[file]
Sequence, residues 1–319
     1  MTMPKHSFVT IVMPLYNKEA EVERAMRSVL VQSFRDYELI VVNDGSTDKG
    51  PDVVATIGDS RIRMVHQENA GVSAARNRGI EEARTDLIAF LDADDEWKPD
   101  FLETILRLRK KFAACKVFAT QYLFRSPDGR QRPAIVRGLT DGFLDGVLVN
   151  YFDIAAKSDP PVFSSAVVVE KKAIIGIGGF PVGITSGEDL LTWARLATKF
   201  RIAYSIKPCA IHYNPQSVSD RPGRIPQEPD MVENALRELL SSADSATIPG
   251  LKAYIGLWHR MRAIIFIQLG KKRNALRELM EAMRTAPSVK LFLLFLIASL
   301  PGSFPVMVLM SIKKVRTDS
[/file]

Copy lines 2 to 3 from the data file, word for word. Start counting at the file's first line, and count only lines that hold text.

     1  MTMPKHSFVT IVMPLYNKEA EVERAMRSVL VQSFRDYELI VVNDGSTDKG
    51  PDVVATIGDS RIRMVHQENA GVSAARNRGI EEARTDLIAF LDADDEWKPD